So maybe I exaggerated a bit about the invisibility thing. Or, maybe it’s something I feel while I’m at school, which makes it feel more serious that it is.
At home, though, I am anything but invisible. In fact, especially with my sister, who smirks and snarks at me whenever she gets the chance, meaning whenever my parents aren’t around, I wish I was a bit more invisible.
How can you call yourself invisible when your mom changed her job to be home more? Sure, we had to move to a smaller house to go along with her smaller pay, but she’s home to cook dinner and drive us places, which is better than a big house.
During the week, mom goes to my cross-country meets, even when they are away. She helps me with all of my homework except for math – Jacob helps with that. She also makes sure that I brush my teeth and take showers, do my homework and practice my trumpet. Actually, come to think of it, I might get too much attention at home.
In the fall, I get my wish to be less noticed at home. Mom gives all of her attention to Jacob and Jemila. Jacob has marching band football games on Friday nights. Jemila has softball every Saturday. My mom keeps score. Jacob also has marching band on Saturdays and competitions on Saturdays sometimes too.
One Saturday, my parents were so busy running the two of them here and there, that they left the house without me.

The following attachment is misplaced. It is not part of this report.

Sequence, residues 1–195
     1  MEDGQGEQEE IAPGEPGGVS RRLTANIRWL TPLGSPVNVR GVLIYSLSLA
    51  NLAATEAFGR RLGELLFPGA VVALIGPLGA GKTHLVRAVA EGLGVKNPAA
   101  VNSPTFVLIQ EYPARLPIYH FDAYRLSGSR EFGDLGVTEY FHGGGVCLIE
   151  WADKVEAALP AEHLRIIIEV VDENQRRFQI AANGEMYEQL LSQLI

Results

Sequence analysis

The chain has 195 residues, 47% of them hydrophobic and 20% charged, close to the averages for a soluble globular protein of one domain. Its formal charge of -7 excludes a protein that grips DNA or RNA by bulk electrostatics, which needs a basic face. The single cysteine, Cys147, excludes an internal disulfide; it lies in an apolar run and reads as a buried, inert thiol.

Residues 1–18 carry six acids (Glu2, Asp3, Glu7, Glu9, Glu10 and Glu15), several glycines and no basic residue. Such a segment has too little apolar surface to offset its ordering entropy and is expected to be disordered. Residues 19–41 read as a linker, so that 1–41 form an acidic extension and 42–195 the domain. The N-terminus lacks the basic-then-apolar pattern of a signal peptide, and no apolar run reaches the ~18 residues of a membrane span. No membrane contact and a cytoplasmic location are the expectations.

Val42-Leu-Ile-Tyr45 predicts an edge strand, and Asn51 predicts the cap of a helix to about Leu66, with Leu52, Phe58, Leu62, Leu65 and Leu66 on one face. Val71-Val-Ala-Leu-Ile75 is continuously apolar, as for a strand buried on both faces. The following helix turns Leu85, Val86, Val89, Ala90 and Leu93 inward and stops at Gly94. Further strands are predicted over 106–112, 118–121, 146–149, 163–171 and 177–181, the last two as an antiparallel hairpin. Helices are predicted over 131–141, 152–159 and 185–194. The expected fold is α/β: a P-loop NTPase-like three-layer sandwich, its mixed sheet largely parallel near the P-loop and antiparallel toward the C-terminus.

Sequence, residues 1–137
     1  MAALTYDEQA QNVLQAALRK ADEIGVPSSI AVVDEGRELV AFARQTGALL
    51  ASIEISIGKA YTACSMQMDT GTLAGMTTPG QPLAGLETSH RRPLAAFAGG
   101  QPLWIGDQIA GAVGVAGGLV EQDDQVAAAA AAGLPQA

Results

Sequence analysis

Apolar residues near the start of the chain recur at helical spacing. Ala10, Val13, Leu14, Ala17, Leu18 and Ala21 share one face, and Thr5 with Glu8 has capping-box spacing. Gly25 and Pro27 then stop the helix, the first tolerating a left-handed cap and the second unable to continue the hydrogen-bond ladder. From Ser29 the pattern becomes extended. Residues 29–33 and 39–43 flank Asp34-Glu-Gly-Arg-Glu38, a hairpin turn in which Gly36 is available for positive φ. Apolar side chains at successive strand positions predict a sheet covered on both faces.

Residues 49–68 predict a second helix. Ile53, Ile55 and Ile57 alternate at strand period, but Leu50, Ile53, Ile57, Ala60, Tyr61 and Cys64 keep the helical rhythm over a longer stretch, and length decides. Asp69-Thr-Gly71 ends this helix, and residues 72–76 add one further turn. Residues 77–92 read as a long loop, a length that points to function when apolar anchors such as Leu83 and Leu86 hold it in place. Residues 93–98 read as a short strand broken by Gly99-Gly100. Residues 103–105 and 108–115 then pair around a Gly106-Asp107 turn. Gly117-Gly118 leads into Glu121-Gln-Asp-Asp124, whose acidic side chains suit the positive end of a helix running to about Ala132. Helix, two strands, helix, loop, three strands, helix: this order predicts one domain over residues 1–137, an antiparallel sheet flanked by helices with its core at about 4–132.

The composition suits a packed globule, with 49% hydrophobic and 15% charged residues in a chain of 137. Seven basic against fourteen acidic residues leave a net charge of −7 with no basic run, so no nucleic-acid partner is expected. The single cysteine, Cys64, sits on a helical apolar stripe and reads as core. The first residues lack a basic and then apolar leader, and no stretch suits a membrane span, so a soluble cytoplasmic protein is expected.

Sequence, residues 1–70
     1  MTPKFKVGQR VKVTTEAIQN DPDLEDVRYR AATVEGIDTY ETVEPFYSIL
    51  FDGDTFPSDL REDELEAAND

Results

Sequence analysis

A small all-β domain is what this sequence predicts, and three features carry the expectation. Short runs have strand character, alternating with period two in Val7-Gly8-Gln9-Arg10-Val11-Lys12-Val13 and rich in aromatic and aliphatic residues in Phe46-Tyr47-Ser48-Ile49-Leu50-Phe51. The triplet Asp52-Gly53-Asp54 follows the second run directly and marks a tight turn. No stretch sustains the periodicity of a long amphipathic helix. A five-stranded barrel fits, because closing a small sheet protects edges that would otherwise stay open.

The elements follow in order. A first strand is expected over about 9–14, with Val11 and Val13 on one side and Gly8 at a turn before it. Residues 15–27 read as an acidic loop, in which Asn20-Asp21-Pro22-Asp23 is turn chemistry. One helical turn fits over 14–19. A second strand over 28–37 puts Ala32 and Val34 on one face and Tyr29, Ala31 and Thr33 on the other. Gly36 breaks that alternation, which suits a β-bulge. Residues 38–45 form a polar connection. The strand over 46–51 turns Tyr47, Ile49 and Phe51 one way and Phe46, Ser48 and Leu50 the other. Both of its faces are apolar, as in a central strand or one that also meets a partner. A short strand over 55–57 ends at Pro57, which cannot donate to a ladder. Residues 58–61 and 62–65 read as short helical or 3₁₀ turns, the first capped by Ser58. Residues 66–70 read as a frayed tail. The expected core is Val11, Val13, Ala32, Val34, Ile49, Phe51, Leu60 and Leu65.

Fine by me though. I just started a new series on NetFlix and enjoyed some alone time.
One Friday, I asked my mom if I could go to the football game with her. She sometimes volunteers as a Band Mom, giving out waters and keeping watch over the band during the game, and watching their stuff and cleaning up their trash while they are performing their show during halftime or after the game.
She said, “Yes.”
I wasn’t sure what it would be like there.
First, I just watched the band. Do I want to do this when I get into high school? Jacob seems to have a good time. But, he would be a junior when I would be in 9th grade. But, we are in different sections. But, it takes up a lot of time and I wouldn’t be able to run cross-country. It’s something to think about.
Next thing I know, I see Lindsey, from lunch and my afternoon classes. She is sitting with her parents. I guess she either really likes football, or her older sister is here for some reason.
I ask my mom if I can walk around. Kids seem to be doing laps on the track around the stadium with their friends. Mom says, I can if I keep passing by to let her know I’m okay.
So, I start on my first lap, making sure to pass by where Lindsey is sitting. I’m not sure why I’m doing this. Maybe it’s just because she’s someone I recognize. She’s nice. It would be nice to talk with her and not sit by myself all night.
It takes me two more laps before she spots me. I slow down as I walk by and she calls out my name. I stop, look around (in the wrong direction at first, so she doesn’t think I saw her first), and then say, “Oh, hey.”
I ask, “Do you want to walk?”
She asks her parents for permission quick, and then we start walking around. At first, we don’t know what to say. Then Lindsey asks me a question about math and we start to talk. It’s nice.
We see a few other 7th graders. She must be popular because they all say hi to her. A few even nod in my direction. Cool.
After a few times around the football field, she says she has to head back to her seat. Her parents didn’t want to stay for the whole game.
I say, “See ya’ Monday,” and head back to my mom.
I spend the rest of the game thinking about how nice it is to be able to go off on my own and hang out with a friend. Being 13 and responsible has its benefits.